EVERETT, Wash. -- Teacher salaries are about to get a complete overhaul in Washington state.
In 2012, the state Supreme Court ruled that Washington was failing to fully fund public education. That led the Legislature in 2017 to approve $2 billion in additional funding over two years for K-12.
It’s a historic change and one that will affect the way educators are paid.
Unions are bargaining teacher salaries with district administrators to determine the exact pay increases.
But the goal is a significant spike. The Washington Education Association says they want a 15% salary increase for teachers and 37% for others like school bus drivers and teaching assistants.
“This is a once in a lifetime opportunity,” Everett Education Association President Jared Kink said.
Everett teachers make the highest wages in the state followed by Mukilteo and Snohomish.
A teacher starting in Everett makes about $40,000 but can make all the way up to $103,000 after decades in the field.
If the 15% increase goes into effect, the most experienced Everett teachers could be paid about $118,000.
“Fifteen percent makes up for the loss in salary over a decade when you take a loss of a COLA (cost-of-living adjustment) year after year,” Kink said.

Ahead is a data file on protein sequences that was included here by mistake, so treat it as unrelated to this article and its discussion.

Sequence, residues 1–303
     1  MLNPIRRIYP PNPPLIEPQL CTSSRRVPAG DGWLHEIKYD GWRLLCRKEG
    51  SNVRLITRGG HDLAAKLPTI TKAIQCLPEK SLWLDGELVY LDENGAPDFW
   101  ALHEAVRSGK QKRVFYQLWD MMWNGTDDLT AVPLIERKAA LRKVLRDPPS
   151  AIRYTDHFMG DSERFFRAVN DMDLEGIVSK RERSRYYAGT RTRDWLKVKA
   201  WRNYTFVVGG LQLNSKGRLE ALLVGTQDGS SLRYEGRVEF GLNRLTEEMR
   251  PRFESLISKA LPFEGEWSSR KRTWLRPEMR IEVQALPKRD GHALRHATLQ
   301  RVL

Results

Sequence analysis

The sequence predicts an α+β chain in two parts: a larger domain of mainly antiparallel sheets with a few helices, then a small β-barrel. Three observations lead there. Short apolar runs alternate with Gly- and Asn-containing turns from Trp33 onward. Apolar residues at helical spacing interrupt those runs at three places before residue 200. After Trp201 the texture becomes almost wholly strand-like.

Kink says six-figure salaries should become the norm for many of the most experienced teachers across the state.
“They should yes -- across the country, across the state. Arizona, Oklahoma, West Virginia all going on strike because they have had no salary increases,” Kink said.
When asked if Everett teachers will strike if they don’t meet their goals, Kink said it’s too early to talk about that considering the negotiations have just begun.
But Kink says the competitive wages they do have now draws many teachers to Everett from other areas where educators are paid a lot less.
“Beginning teacher salaries can look like $32,000,” Federal Way teacher Shannon McCann said.
WEA says statewide an average teacher salary is about $56,000.
McCann is a Federal Way middle school teacher and she says her district lost 200 teachers last year.
“This spring break I was asked, when I was visiting family, 'Oh, flight attendants are hiring; you could do that and make more money,'" McCann said.
With cost-of-living skyrocketing, McCann says, many educators are living paycheck to paycheck.
But with a system overhau,l much could change.
“We would like to see teachers earn a higher salary earlier,” Kink said.
Bargaining could take months for many districts but union leaders say they hope to have significant pay increases kick in this fall.